Tuesday, December 31, 2013
And now, if you don’t geek out over statistics and numbers, this would be a good time for you to go pick up whatever book you’re reading and skip this post.
Because I am totally going to geek out here.
172 174 books in 2013, averaging 14.5 books a month. This beats my previous yearly total from 2006, of 164 books.
172 174 books, 68 (40%) were re-reads. And 29 of those re-reads were books I have in more than one format (generally hardback/paperback and ebook).
I overwhelmingly read more ebooks than any other format, coming in with a total of
105 107. Considering that I read zero ebooks in 2010, this is a pretty impressive jump. Mass market paperbacks (39) beat out trade paperbacks (18), and hard back books almost matched the previous all-time low coming in at only five hardback books read in the entire year.
(You don’t have to tell me, I know the chart is off–I realized after I made the image that one of the comics I read last month was hardback and not trade paperback.)
I expect that trend to continue, with the number of hard back books I read becoming limited to cookbooks and the occasional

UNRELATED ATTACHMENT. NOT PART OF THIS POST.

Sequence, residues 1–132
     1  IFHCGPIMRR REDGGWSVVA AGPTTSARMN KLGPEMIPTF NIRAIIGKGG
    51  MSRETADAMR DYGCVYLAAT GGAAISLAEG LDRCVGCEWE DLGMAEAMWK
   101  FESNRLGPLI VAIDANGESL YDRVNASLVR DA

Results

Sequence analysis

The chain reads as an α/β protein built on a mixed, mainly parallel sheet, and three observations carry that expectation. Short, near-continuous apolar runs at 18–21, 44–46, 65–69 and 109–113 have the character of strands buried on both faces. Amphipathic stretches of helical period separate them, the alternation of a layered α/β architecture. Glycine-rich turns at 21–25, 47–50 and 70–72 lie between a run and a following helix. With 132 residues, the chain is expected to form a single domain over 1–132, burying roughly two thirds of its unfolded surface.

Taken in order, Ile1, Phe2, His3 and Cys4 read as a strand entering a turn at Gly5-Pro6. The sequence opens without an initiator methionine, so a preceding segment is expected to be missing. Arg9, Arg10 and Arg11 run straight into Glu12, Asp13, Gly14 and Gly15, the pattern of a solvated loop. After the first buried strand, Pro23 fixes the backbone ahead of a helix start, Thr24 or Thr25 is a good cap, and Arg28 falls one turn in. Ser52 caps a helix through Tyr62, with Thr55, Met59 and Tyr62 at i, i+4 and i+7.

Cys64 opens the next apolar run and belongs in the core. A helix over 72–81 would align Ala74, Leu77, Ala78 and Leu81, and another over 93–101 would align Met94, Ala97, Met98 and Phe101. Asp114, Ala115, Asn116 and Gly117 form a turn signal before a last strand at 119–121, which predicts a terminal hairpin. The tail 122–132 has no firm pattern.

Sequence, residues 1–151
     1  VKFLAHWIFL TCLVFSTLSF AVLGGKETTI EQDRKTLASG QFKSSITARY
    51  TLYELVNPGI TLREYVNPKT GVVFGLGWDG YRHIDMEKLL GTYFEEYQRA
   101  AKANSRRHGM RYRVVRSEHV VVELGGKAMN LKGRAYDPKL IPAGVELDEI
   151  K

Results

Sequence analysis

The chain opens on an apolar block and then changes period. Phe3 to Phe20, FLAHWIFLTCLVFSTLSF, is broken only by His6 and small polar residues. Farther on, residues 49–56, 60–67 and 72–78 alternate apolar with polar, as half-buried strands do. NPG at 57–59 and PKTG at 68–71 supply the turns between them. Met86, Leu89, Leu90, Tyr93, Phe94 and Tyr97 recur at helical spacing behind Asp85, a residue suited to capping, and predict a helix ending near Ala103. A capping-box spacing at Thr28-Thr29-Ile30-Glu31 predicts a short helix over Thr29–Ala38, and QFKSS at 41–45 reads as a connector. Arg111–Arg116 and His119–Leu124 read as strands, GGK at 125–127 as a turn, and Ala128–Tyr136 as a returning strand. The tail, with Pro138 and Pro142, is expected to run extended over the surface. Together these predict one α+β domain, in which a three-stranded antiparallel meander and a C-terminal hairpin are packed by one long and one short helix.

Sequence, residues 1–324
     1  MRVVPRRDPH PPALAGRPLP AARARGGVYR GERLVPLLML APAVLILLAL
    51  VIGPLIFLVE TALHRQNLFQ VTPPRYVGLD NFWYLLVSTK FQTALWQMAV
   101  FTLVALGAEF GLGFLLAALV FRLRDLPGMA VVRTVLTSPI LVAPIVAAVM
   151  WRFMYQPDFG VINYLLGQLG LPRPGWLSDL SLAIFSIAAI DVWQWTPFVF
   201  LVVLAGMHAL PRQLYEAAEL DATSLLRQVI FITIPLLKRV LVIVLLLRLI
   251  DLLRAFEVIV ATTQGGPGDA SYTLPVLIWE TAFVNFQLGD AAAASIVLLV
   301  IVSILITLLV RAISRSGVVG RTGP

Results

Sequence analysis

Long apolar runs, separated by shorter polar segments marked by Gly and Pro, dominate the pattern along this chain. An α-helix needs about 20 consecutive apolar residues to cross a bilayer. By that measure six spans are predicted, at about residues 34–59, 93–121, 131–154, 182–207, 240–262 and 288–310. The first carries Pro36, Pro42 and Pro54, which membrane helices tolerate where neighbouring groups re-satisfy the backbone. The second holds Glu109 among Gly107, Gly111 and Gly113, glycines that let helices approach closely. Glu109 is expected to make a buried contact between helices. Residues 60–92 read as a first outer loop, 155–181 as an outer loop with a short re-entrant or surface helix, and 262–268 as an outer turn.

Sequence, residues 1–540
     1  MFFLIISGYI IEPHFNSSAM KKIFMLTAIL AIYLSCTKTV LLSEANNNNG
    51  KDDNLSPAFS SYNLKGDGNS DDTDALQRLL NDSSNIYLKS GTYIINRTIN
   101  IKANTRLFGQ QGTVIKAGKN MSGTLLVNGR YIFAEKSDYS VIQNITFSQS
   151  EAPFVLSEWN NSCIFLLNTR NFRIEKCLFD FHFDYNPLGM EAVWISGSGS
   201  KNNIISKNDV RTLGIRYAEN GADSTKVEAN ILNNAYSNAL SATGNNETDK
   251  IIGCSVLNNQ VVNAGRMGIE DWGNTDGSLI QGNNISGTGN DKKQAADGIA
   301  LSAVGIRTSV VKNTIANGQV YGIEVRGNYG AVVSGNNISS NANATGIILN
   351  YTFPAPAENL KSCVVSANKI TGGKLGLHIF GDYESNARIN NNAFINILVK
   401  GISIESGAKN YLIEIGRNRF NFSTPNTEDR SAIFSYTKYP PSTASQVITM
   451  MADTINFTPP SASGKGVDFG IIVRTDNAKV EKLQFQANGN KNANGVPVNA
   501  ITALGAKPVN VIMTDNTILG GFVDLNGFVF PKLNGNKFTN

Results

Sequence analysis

Considering genre, fantasy took a slight dip this year, as I re-read several mystery series, but this isn’t an unusual trend for me. Also, a single book can have multiple genre classifications, so Liz Williams’ Detective Inspector Chen series is classified as mystery and fantasy, which is actually my favorite flavor of both those genres, but makes the numbers look a little odd.
twelve thirteen books that were translated into English from their original language, covering Russian, Icelandic, Norwegian, Spanish, Swedish, and Italian. Not a ton of variety, but all the books were part of a series, so it’s also not surprising. I’ve got other books by non-English speaking authors lined up to read, so I hope the variety will be a little better next year. (Italian is likely to reappear, as I adore Andrea Camilleri’s Inspector Montalbano series and generally order the next book as soon as it is available.
And then there’s the author’s gender.
Females wrote an overwhelming majority of the books I read, 52%, but that’s closer to 57% when you add in women writing under their initials or male pseudonyms. I read the same number of books written jointly (anthologies, comics, multiple authors under a single name) as I read by male authors, 20%.
Since 2006, my reading preferences average out to 42% male: 51% female. That includes three years where more than 50% of the books I read were by male authors.
I’ll be fascinated to see if this trend continues over time.
One last note: I fully expect to have completed the book I’m currently reading by the end of the day. Yeah, finished up two books last night, so we’ll see what I’ve read by the end of the day today. :)